During my review, I’ll see if this story changes. If ATD stops acquiring other companies or runs out of ideas for organic growth, I’ll flag it and I might eventually sell.

Backing it up with the numbers

During my review, I look beyond the narrative. Numbers. I review the dividend triangle to see the company’s trends for revenue, earnings, and dividend growth.

tree leaves, from green to red, hanging from a string
Change happens!

When the investment thesis no longer applies, looking at the triangle can confirm my suspicion that the stock isn’t as appealing as it once was. If I see revenue and earnings growth slowing down, dividend growth will likely slow down too, eventually. The company is not the company I bought originally.

I’m not trigger-happy. I don’t sell immediately following one poor quarter. However, if it’s one bad quarter after another, and my thesis isn’t right anymore, it’s time to sell and cash in my profit. Sticking to a quarterly review gives me great odds of being able to spot the issues and sell while the stock price is still high, making a nice profit.

Overweight sectors or positions

Should you cash in on your winners that still match my investment thesis and show good growth trends, as is the case with ATD.TO?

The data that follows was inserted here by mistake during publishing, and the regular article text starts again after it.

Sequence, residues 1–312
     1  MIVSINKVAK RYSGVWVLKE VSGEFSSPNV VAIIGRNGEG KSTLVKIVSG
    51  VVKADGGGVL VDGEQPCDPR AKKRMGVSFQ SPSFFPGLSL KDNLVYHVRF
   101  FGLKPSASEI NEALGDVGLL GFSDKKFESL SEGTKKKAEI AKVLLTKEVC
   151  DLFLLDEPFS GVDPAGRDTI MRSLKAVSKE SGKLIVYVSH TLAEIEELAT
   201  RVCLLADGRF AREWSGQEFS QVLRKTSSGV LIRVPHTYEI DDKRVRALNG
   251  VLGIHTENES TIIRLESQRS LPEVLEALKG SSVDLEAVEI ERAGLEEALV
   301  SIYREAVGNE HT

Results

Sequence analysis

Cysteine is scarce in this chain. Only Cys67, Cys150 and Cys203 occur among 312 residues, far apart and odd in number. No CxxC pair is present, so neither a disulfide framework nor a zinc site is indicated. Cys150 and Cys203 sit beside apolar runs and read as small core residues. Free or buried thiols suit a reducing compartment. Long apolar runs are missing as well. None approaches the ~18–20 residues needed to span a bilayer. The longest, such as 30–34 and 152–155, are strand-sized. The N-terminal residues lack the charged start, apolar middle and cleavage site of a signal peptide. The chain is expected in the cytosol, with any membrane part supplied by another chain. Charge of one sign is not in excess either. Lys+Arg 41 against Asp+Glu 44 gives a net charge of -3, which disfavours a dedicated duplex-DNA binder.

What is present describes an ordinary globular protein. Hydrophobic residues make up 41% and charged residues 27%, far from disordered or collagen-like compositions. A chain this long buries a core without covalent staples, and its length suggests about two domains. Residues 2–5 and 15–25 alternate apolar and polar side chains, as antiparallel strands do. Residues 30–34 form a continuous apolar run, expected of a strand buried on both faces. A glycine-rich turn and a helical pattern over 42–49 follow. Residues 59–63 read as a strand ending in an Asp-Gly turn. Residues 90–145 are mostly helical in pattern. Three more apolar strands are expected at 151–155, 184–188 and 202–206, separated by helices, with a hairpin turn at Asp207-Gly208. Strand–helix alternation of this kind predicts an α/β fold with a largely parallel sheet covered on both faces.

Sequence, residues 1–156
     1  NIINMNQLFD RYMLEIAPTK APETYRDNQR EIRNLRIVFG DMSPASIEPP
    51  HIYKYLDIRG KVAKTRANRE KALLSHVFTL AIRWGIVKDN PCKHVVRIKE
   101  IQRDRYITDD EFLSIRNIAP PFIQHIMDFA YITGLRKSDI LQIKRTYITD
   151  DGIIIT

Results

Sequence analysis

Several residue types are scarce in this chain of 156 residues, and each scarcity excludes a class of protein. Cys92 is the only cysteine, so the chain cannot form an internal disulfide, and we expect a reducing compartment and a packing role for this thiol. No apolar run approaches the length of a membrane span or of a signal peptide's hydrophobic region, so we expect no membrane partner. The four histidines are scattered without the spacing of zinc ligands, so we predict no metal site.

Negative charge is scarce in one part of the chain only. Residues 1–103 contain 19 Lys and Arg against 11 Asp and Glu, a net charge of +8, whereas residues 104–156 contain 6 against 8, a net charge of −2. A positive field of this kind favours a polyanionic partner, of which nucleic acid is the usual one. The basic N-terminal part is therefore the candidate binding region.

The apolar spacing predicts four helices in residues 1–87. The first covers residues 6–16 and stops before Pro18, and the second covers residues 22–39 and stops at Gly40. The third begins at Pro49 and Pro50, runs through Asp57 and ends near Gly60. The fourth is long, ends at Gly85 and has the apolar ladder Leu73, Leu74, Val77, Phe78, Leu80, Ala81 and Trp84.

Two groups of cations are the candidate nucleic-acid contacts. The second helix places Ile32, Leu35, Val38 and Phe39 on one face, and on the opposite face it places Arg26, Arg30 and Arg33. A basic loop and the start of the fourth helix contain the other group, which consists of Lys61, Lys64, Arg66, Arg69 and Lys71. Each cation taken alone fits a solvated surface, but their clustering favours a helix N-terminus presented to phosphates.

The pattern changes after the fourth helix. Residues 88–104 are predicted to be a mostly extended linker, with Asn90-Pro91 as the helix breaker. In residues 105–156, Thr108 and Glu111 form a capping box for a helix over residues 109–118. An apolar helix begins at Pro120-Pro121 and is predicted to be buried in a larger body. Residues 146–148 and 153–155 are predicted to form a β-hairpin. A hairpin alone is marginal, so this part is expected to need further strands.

I like to let such winners run, but I might trim them if it’s needed. You see, my quarterly ritual includes reviewing my portfolio sector allocation and stock weight.

Am I overweight in a sector? If so, I could suffer a lot if a crisis happens in this sector. Remember tech stocks in 2000? I will trim winning positions in an overweight sector to rebalance the portfolio.

Overweight positions

Type of scale that we see at a doctor's office
Trim overweight positions

How can you tell you’re overweight on a single holding? That depends on two factors: how many stocks you want in your portfolio, and how much you are willing to lose on a single bad investment.

If you want 40 stocks, having equal-weighted positions means each stock should occupy 2.5% of your portfolio (100/40). If it’s 30 stocks, then each one would occupy 3.33% of your portfolio. You might let your favorite stocks exceed that maximum weight at 4% or more, with others occupying less than 3.33%.